Biologist Josh Grinath seized a rare chance to study an ecosystem from top to tiny bottom when a black bear blundered through his Rocky Mountain meadow research plot, gobbling up ants and gnawing on equipment.

When the hungry bear appeared, wreaking havoc on ant nests for a high-protein snack, Grinath decided to track the cascading effects of this top predator.


Related: Polar bear penises are getting weaker

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January 31 2015

Pitcher Plant Captures Prey in Batches


Carnivorous plants hold a place of special fascination in elementary science classrooms and botany labs alike. Many of these plants have an obviously predatory look about them (think: Venus flytrap). But pitcher plants, as successful as they are at capturing insects for their nutrients, don't make a lot of sense at first glance. A new study aims to make sense of the fact that the plants’ traps aren’t always slippery along the edges, even though a slippery edge would, in theory, catch more insects not sure of their footing.

A new study, published this month in Proceedings of the Royal Society B, that design quirk may be intentional.

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January 31 2015

New flower discovered in Australia smells like rotting fish


A new species of plant has been found in the Blue Mountains in New South Wales, Australia, and it sure does not smell like roses. Identified by local botanist Greg Steenbeeke from the NSW Office of Environment and Heritage, this little sunset-coloured, 2-centimetre-tall flower has been named Thismia megalongensis.

T. megalongensis belongs to a genus of plants commonly known as 'fairy lanterns', because their shape and warm, glowing colour make them look like you could just pick one up and light a room with it - if you were the height of an iPhone.

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January 31 2015

Icebergs 'have sound signature'


Listening to icebergs could help to assess the extent of glacier melt, scientists report.

Researchers in Poland, the UK and US have found different types of icebergs have their own acoustic signature as they calve away from the ice.

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January 31 2015

The two faces of Mars: Moon-sized celestial object crashed into south pole


The two hemispheres of Mars are more different from any other planet in our solar system. Non-volcanic, flat lowlands characterize the northern hemisphere, while highlands punctuated by countless volcanoes extend across the southern hemisphere. Although theories and assumptions about the origin of this so-called and often-discussed Mars dichotomy abound, there are very few definitive answers. Geophysicists are now providing a new explanation.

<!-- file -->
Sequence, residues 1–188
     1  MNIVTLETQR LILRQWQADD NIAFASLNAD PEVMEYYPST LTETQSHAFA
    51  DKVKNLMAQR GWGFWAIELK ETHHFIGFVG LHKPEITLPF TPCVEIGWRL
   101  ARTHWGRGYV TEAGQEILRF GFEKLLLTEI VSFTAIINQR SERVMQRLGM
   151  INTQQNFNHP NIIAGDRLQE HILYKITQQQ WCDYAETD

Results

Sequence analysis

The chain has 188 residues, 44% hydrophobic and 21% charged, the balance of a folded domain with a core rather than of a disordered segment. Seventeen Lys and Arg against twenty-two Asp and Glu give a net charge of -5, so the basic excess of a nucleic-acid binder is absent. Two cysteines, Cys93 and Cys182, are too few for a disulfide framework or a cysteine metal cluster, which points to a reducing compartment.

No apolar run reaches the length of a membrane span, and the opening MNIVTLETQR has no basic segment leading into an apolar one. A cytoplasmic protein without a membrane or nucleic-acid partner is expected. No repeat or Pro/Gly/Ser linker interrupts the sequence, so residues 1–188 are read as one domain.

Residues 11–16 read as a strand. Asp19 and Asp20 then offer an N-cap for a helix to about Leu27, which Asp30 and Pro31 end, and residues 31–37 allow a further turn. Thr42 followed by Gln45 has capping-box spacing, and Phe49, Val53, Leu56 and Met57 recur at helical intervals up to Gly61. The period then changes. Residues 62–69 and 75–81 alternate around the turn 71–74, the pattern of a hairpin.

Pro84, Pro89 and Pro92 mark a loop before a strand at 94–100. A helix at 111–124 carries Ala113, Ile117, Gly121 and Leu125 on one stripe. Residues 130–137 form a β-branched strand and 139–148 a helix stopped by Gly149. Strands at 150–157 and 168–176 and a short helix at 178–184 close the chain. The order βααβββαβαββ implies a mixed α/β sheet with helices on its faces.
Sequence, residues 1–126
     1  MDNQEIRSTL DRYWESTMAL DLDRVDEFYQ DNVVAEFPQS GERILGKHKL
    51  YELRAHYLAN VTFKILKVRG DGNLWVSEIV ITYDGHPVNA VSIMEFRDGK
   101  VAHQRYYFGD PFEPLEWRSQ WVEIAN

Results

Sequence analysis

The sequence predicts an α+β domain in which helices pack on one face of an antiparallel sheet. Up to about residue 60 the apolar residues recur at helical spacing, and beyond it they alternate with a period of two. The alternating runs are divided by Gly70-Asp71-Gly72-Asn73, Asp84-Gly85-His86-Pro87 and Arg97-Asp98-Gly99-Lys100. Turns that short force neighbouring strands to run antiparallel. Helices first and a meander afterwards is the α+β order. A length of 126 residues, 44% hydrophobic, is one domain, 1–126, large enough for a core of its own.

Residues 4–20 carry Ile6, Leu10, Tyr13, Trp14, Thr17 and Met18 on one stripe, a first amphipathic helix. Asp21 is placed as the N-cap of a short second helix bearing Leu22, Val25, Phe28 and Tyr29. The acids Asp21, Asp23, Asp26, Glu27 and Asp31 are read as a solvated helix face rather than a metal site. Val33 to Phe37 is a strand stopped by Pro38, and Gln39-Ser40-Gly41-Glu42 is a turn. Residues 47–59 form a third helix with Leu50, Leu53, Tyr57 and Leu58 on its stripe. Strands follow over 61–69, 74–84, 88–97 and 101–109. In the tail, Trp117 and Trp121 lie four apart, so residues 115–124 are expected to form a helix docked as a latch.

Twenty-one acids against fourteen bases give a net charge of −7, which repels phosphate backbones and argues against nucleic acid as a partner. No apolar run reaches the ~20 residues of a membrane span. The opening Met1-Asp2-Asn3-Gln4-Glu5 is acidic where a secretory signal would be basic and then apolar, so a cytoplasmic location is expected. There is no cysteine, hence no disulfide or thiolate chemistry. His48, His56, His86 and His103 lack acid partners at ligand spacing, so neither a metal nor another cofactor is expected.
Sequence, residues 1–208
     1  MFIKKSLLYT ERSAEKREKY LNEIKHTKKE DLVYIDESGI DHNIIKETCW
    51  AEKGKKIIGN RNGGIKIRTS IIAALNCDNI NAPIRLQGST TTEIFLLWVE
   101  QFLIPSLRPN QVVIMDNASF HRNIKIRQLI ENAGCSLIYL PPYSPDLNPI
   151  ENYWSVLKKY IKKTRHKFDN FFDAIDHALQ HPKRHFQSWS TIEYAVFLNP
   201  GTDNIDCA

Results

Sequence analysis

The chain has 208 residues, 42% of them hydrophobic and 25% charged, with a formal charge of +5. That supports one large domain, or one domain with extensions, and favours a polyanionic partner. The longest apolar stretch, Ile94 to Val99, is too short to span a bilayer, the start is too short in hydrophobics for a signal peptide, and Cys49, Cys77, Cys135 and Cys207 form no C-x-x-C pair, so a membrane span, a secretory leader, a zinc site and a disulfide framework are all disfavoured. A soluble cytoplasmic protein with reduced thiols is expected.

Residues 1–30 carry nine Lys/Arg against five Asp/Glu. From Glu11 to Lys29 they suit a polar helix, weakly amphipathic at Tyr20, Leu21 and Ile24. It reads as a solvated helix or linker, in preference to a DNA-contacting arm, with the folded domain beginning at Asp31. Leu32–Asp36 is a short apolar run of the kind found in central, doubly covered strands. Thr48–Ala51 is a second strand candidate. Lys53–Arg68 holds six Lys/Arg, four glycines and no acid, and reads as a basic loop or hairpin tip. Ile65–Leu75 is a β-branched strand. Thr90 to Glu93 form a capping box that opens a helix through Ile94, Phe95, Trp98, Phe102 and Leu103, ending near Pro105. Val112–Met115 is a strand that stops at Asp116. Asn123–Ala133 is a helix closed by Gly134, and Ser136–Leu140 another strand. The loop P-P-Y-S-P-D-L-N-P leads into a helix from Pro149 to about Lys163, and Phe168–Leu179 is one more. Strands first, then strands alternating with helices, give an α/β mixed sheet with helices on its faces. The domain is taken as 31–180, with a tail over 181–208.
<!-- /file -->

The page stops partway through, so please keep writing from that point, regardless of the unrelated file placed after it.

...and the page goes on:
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January 31 2015

Meteorite may represent 'bulk background' of Mars' battered crust


NWA 7034, a meteorite found a few years ago in the Moroccan desert, is like no other rock ever found on Earth. It's been shown to be a 4.4 billion-year-old chunk of the Martian crust, and according to a new analysis, rocks just like it may cover vast swaths of Mars.


Related: Gully patterns document Martian climate cycles
Related: 'Knobby terrain' a sign of Mars's explosive past

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January 31 2015

Cosmic inflation: New study says BICEP detection was wrong


Scientists who claimed last year to have found a pattern in the sky left by the super-rapid expansion of space just fractions of a second after the Big Bang were mistaken.

The signal had been confounded by light emission from dust in our own galaxy.


Related: Could a new proposed particle help to detect Dark Matter?

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January 31 2015

Does time pass?


Philosopher Brad Skow’s new book says it does — but not in the way you may think.

“If you walk into a cocktail party and say, ‘I don’t believe that time passes,’ everyone’s going to think you’re completely insane,” says Brad Skow, an associate professor of philosophy at MIT.

He would know: Skow himself doesn’t believe time passes, at least not in the way we often describe it, through metaphorical descriptions in which we say, as he notes, “that time flows like a river, or we move through time the way a ship sails on the sea.”


Related: Black holes do not exist where space and time do not exist, says new theory

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January 30 2015

Does Milky Way hide a portal to the distant Universe?


Our Milky Way could be harbouring a cosmic "wormhole"—that exotic short cut across the Universe made famous in science fiction shows and films—according to a team of scientists in India, Italy and the USA.

It could even be traversable, according to the team.


Alt: Wormhole to another galaxy may exist in Milky Way

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News desk archive...